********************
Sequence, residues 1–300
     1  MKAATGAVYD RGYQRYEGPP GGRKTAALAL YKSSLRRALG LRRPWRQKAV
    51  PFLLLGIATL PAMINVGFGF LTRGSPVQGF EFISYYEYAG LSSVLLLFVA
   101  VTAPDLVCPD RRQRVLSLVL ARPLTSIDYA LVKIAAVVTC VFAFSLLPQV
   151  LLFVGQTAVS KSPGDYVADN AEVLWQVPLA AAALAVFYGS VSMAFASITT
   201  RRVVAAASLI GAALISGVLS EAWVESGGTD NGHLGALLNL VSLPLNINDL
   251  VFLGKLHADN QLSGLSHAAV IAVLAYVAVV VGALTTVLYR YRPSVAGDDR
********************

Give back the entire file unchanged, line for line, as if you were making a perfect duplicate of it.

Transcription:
Sequence, residues 1–300
     1  MKAATGAVYD RGYQRYEGPP GGRKTAALAL YKSSLRRALG LRRPWRQKAV
    51  PFLLLGIATL PAMINVGFGF LTRGSPVQGF EFISYYEYAG LSSVLLLFVA
   101  VTAPDLVCPD RRQRVLSLVL ARPLTSIDYA LVKIAAVVTC VFAFSLLPQV
   151  LLFVGQTAVS KSPGDYVADN AEVLWQVPLA AAALAVFYGS VSMAFASITT
   201  RRVVAAASLI GAALISGVLS EAWVESGGTD NGHLGALLNL VSLPLNINDL
   251  VFLGKLHADN QLSGLSHAAV IAVLAYVAVV VGALTTVLYR YRPSVAGDDR